By On Call Attorney Todd Kulkin

A new business owner has a lot to learn when getting started. One of the first lessons that you need to learn is how to minimize and manage your business’ tax liability. Although the tax code can be confusing, and you can spend your entire lifetime trying to understand it, no business owner should get started without knowing the ins and outs of the business expense deduction.

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The internal revenue code (I.R.C.) defines a business expense as “all the ordinary and necessary expenses paid or incurred during the taxable year in carrying on any trade or business.” I.R.C. § 162(a). This deduction is taken off of the Adjusted Gross Income (“AGI”) on your tax return. This definition is left intentionally broad, since each and every business has different needs. For example, a motorcycle repair shop may deduct the cost of wrenches, tires, and motor oil since those expenses are part and parcel of their business. By contrast, a law practice would not be able to deduct such expenses, since those tools are not necessary or even appropriate for the practice of law.

Despite the specific nature of one’s business, some expenses are universal (or nearly so), and every business owner should be aware of them. The fees paid for incorporation are generally tax deductible, as the act of incorporation furthers the business. Through the same logic, a business membership in Rocket Lawyer, or other legal fees, can be deductible; obtaining legal advice is necessary to run a successful business. This is not the case, however, for personal legal services. Hiring an attorney to consult on your company’s contracts is deductible; hiring an attorney to handle your divorce is not. Why? Because one is directly business related, and the other is entirely personal.

Some expenses are only partially deductible. For example, mileage on a company vehicle while travelling for business purposes is deductible at a flat rate (currently $0.55 per mile). Entertaining your customers, or hosting business dinners, is only deductible up to 50 percent of the expense. If you want to know more about what is deductible at which rates, consult a quality accountant. Since an audit can come at any time, it’s always good to have supporting documentation for your expenses. It’s a good practice to hold onto, or scan into a company database, all of your receipts for business expenses; other expenses, such as mileage, inherently need support by other documentation (e.g. travel log).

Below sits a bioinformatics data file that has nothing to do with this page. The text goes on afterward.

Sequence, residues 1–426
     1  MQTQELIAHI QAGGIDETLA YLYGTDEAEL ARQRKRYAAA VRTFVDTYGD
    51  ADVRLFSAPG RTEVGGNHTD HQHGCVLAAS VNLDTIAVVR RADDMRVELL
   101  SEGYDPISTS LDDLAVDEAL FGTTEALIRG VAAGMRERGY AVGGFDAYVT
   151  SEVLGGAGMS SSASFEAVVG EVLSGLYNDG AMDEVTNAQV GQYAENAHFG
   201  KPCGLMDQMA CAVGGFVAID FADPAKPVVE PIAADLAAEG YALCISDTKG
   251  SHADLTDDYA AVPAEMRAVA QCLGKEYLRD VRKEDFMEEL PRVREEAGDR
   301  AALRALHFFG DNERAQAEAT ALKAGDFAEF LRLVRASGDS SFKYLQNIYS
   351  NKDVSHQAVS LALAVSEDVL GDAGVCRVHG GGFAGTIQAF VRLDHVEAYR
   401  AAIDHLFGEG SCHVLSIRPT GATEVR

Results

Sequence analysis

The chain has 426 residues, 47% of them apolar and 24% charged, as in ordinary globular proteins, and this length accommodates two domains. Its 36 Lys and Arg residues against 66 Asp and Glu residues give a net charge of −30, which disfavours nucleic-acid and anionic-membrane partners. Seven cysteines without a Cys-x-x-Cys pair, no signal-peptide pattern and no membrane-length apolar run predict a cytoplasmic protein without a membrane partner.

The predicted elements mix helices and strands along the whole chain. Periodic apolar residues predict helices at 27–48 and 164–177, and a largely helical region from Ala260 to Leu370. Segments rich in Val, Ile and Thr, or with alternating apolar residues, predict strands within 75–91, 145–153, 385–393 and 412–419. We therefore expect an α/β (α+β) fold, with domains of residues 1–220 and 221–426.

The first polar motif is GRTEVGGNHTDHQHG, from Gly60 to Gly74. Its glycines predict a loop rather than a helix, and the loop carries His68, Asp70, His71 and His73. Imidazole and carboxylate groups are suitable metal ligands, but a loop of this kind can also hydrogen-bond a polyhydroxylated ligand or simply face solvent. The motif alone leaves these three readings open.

When clients ask for a good rule of thumb, I tell them to employ the “tell your mother” test: if you would be able to tell your mother (with a straight face) that the expense is primarily for a business purpose, then it’s worth telling your accountant about it, or putting it down on your form 1120 (corporate tax return) if you’re doing your taxes yourself. If you are ever unsure about the deductibility of an expense, always ask an attorney or an accountant for advice.



Christopher C CarrTodd Kulkin is a business attorney specializing in legal services to small to medium sized businesses, start-ups and nonprofit organizations. He has a unique commitment to flat fees, personalized law services and education on the legal issues surrounding your business.

Get started Incorporate Your Business Answer a few questions. We'll take care of the rest.

Get started Incorporate Your Business Answer a few questions. We'll take care of the rest.